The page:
Dmitry Itskov is perfectly sane.
The Russian multimillionaire and former media magnate appears to be like any other 32-year-old man — even rather reserved by most standards — but with a rather unique hobby. Itskov pursues immortality through the development of avatars which carry the entire contents of the human brain. He calls it the 2045 Initiative.
Basically, Itskov dreams of continuing conscious life outside the biological sphere in the form of a relatively inexpensive non-biological carrier. Despite the fact that this goal aligns with some of the most popular sci-fi hits (think Avatar), this Itskov has some heavy-weight supporters in the scientific community, including scientists from Harvard, M.I.T, and Berkeley. Later this month, roughly 30 of the scientists who see at least some rationale in Itskov’s pursue will speak at the second annual 2045 Global Future Conference in Manhattan. This conference, much like the ones featured in the Iron Man movies, are more of a technological showcase than actual conference. Tickets go for $750 a piece.
Most of these researchers are not looking to upload our brains contents to computers through a complicated theory of the “quantum nature of consciousness” by Sir Roger Penrose, but the idea of artificial intelligence replacing biological forms sparks questions about the nature of life itself.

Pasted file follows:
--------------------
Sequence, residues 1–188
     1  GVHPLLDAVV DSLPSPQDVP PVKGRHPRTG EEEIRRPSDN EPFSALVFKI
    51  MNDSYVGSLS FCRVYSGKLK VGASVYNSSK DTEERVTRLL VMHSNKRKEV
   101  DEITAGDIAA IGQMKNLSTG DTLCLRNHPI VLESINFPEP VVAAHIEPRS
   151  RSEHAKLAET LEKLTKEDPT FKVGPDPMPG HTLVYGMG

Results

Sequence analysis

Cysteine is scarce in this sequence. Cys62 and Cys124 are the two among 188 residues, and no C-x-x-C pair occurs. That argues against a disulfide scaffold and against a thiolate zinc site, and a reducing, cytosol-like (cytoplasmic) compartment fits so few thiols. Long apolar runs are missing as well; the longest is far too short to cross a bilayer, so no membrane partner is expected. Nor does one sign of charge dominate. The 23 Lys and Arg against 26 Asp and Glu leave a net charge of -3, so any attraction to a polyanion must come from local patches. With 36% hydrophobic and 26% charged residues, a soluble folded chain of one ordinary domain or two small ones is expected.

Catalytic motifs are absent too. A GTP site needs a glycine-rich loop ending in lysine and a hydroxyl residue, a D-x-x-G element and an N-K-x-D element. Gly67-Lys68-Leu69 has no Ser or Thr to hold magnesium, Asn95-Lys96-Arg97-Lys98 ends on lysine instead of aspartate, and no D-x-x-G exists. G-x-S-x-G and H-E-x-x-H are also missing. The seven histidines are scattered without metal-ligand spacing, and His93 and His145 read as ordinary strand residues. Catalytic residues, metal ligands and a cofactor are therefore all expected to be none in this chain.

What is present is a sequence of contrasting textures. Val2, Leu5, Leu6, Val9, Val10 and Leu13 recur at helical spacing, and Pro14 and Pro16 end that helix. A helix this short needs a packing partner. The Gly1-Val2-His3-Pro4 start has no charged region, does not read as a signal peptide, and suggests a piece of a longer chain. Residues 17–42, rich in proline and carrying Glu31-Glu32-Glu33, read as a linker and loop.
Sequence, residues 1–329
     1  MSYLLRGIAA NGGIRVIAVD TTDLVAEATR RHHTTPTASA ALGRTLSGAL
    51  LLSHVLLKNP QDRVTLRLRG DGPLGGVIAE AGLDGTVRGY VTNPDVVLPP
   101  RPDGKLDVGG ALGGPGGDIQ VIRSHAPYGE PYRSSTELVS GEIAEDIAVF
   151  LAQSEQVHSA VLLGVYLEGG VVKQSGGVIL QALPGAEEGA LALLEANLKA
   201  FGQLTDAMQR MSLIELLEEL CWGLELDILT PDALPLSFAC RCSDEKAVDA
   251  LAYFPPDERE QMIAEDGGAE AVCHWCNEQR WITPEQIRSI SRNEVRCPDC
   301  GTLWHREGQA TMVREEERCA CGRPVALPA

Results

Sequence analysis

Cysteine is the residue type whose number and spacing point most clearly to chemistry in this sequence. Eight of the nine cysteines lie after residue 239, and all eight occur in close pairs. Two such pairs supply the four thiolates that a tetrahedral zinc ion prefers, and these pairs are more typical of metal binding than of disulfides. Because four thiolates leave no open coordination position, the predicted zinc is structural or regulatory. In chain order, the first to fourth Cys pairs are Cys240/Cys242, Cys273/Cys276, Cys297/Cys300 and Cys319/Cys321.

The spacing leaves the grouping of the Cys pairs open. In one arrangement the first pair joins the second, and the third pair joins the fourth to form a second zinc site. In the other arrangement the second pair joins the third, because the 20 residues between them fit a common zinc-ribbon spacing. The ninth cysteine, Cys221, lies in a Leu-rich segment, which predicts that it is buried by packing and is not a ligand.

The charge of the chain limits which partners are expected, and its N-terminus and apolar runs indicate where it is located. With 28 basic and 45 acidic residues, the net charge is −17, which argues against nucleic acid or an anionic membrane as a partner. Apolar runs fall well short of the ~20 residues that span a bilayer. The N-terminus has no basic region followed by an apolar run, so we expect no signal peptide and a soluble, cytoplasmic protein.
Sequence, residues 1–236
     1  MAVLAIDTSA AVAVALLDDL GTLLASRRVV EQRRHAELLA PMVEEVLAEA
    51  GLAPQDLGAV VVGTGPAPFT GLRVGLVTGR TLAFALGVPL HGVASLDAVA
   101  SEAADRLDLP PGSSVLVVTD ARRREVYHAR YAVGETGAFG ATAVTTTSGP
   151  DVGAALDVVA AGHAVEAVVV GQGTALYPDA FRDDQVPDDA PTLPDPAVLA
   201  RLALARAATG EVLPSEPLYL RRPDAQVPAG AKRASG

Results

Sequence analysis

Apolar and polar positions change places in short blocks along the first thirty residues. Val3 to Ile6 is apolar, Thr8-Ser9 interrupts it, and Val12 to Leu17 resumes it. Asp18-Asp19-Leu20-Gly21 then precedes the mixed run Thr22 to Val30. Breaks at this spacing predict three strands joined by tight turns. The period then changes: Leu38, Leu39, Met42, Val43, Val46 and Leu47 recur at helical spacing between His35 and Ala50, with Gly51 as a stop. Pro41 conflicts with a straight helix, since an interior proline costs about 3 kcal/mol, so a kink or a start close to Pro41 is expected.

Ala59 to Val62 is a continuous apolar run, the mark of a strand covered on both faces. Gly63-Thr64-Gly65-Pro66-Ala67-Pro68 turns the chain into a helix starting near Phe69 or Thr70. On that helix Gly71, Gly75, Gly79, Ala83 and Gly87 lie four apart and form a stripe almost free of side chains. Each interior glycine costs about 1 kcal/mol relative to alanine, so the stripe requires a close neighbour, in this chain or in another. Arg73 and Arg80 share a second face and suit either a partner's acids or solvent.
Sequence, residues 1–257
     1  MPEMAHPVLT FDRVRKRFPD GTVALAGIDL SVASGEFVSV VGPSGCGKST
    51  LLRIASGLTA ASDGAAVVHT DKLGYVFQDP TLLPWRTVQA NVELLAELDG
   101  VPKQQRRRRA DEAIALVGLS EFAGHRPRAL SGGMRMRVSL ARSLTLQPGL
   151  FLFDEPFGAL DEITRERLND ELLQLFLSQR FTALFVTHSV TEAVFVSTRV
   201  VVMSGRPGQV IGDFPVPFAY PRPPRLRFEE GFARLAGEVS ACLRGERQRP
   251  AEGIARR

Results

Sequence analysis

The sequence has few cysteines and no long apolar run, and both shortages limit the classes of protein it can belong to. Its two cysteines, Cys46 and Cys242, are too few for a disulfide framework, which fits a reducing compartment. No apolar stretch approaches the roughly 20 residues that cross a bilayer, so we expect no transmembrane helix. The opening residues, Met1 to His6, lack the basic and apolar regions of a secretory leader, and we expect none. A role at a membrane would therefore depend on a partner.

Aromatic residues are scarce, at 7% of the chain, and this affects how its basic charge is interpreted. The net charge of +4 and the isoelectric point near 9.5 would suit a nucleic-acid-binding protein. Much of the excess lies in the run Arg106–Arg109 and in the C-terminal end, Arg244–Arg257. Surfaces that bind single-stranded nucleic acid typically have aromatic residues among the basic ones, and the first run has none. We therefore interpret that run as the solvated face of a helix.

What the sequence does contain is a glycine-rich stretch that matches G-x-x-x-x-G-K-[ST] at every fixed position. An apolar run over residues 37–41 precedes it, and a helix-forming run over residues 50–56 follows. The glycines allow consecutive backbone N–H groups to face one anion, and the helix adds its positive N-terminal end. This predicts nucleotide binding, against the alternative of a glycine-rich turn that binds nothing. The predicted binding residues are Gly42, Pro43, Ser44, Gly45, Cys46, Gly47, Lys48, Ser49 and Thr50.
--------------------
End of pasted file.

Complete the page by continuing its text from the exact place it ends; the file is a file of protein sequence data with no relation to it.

Itskov truly believes this project harbors altruistic measures. These avatars would not feature some of what we refer to as disabilities or limitations; there would be no congenital heart defects or missing limbs. He believes that avatars will ultimately reduce world hunger (machines only need maintenance) and that charities will eventually be structured to provide inexpensive avatars to the poor. It’s a nice dream, really; one filled with longevity.
But is that what we really want?
Do we define life as mere consciousness? Most biologists would argue that we would not. Additionally, what does this mean about our relationship with technology? While many casually exaggerate that they are ‘addicted’ to their smart phones, in the case of avatars or robots, we would literally depend on machines to keep our thoughts and conscious presence meaningful.
In my opinion, a key part of our time on earth are the things we feel and the relationships we cultivate. It’s about wiggling our toes in the grass and enjoying the sun on our skin. It’s about building our families, learning new ideas, and experiencing culture that can’t quite captured through a camera lens. It’s about the faith we feel, or don’t, and about forcing ourselves to live in the present because we never know when we’ll have that moment again.
Either way, the rapid pace at which technology develops and the financial resources available mean that this idea could potentially become a reality for the mega-rich in the next 50 years or so. Itskov now spends most of his time traveling to meet new scientists who may be able to help him with his mission, and speaking to the public about what he views as his solution to the end of suffering. When he is not traveling, he meditates and claims to live like a monk.
What do you think? Would avatars be the best way to eliminate future pain and continue the human race? Or is this idea too much of a real-life science fiction blockbuster?
Original article available on Policy Mic.